by Gordon Clay

The Centennial Sailing Club was born on the waters of the Pitt River on Jan. 1, 1971 – the BC Centennial Year.  About 35 keen sailors came out with their sailing dinghies to celebrate the event.  There were Enterprises, Little Admirals, Sabots, Flying Dutchmen, OK Dinghy, to name a few.

From that moment on, the CSC had about 3 events each month throughout the summer and went on to travel to places like Tsawwassen and West Vancouver and Jericho Beach to enjoy their sport.  They also took part in major dinghy events such as VIEW ’73 (World Enterprise week) and Jack Holt Regatta at Jericho Beach.  In 1976 the club expanded to include cruising boats as well, but unfortunately many dinghy sailors disappeared from the scene and CSC became mainly a cruising boat club.  By 1980 the dinghy fleet almost disappeared so I began a junior sailing fleet as a sub-section of CSC at Barnet Marine Park where Little Admirals were available for programs.

After a few years, we realized that Burnaby Marine Park was not a very safe or convenient place to train young people, so Roel den Dryver proposed taking the boats to Port Moody andS continuing the programs there.  At first, Roel begged, borrowed (and stole?) wooden sabots and stored them on a trailer which he brought to Rocky Point Park each Monday after school.  It was a lot of work to rig the boats and get the young sailors in the boats so Roel simplified the program by getting permission to store the boats in an unused shed in the park.  Now that we were an active presence in the park, Port Moody gave us the use of another unused shed closer to the launching ramp and Mr. Dave Harris of Reed Point Marina gave us a large (50’ X 15’) float on which to store the boats and equipment.  This worked much better, but now the boats were subject to vandals who came down in the evenings and damaged the boats.  So we separated our float from the Port Moody docks by about 20’.  The vandalism ceased and the boats were much safer.

About this time, Como Lake Sailing Club was forced to cease their programs on Como Lake so John Barltrop of Parkland School donated their wooden and fibre-glass boats to our program at Rocky Point Park.  The fibre-glass boats reduced our maintenance programs greatly and our programs continued to grow.  We now realized that the boats could be used to invite school children to Rocky Point and learn how to sail.   Rod McVicar volunteered to help build a canoe float so some of the school district canoes could be stored with the sabots and canoeing added a new dimension to our programs.  The district sail and canoe programs became very popular and other adults volunteered to assist with the programs.

These other adults now helped with the boats.  Now Roel discovered that the Royal Vancouver Yacht Club had their 10 420 training boats for sail for $1000 each.  We decided to take a look and Roel proposed that we buy the entire fleet!  Our bank account at this pint was only about $2500  but RVYC liked our plan of developing an active training program so they offered the 10 boat to us for $5000.  Great!  Now we were only $3500 short.  But after taking our results to Mayor David Driscoll of Port Moody, the City loaned us the $3500 and we had a fleet of tired 420’s!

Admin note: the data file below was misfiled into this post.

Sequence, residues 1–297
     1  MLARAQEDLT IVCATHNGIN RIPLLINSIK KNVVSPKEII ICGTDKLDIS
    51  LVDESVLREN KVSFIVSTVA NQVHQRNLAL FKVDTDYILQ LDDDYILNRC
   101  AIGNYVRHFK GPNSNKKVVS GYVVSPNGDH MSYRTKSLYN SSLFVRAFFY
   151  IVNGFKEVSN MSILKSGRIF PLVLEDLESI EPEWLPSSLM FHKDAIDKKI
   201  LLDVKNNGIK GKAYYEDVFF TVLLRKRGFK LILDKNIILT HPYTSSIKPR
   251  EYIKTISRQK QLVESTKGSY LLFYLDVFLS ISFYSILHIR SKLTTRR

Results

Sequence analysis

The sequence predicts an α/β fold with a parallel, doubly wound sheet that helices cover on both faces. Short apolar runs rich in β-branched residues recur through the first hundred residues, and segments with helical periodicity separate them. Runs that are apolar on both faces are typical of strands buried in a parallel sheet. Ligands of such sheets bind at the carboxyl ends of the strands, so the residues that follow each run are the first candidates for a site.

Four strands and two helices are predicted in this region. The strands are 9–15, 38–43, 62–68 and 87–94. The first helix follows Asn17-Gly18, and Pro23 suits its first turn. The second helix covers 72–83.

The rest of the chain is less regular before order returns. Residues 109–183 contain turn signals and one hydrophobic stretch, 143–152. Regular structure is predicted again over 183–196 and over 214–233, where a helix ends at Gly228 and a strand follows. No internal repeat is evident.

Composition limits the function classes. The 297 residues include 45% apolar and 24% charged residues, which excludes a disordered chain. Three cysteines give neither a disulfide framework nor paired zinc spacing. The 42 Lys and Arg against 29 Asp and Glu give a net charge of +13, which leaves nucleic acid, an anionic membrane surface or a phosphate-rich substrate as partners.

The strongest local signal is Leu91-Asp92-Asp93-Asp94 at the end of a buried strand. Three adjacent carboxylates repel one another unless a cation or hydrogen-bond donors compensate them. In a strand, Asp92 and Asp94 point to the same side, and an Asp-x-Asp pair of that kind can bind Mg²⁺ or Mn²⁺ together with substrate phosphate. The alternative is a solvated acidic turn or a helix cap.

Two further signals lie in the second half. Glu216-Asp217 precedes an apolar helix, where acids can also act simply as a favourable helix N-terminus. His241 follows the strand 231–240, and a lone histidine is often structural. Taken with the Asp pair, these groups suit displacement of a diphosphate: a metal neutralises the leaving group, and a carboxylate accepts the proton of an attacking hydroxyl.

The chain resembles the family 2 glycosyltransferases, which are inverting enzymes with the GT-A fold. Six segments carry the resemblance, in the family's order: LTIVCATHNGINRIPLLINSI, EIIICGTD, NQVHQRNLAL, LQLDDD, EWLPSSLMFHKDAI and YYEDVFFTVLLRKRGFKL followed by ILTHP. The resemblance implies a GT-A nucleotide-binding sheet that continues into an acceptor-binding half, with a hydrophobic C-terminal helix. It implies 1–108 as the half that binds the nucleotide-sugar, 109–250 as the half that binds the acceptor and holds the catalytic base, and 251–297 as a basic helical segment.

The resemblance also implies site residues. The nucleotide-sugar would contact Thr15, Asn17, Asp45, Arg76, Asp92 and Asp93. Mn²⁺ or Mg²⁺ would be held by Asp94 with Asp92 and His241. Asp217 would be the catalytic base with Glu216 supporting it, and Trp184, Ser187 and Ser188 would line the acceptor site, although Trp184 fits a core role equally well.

How do we get them to Port Moody?  The cruising fleet of CSC were sympathetic to us so they offered to fetch them to Reed Point Marina where we would take them over and repair them in Port Moody.  This move was happily accepted and on a rather blustery day in April the 420’s were towed to RPM needing even more repair as many of them had capsized on the way.  Many hours and days were used to get a fleet of 5 420’s ready, but we finally got 5 420’s busy and sailing on the bay.  The addition of the 420’s also made it possible for our adult members to use the boats in club programs so we could all enjoy sailing in Port Moody.

Of course, we now realized that we needed a dry and warm place in which to repair the boats, so much of our time was occupied with exploring and trying various ways to repair the boats.  Some went to member’s homes for repair and others went to local business owners who loaned us space in the back of their shops.  Eventually this led to the concept of having a dedicated building for developing and running our programs.  By this time, we had formally split from CSC and formed a new organization – ROCKY POINT SAILING ASSOCIATION.  By 1995 we were making good progress in our plans and Port Moody was assisting us with our ideas.  By 1998 the new Mayor of Port Moody, John Northey, had arranged to have a new building built for us.  He acquired the huge frames of the saw sharpening building of Flavelle Cedar in Port Moody and after having the beams and trusses re-engineered for $20,000, these became the shape of our new home – THE OLD MILL BOATHOUSE –  a home for all small non-powered boats in the area.  Under Dave Driscoll’s guidance, plans were completed, and the building opened on July 2, 2002.  We now had a home for sailing, rowing, canoeing, dragon boating and other small boat organizations as well as a large repair and storage bay on the lower level.

RPSA programs for schools; summer; adult; race team; juniors; were all very good and there was always activity around the OMBH.  The 2020 Pandemic has presented some very serious challenges, but I am sure that we can rise to the challenge and see our way through.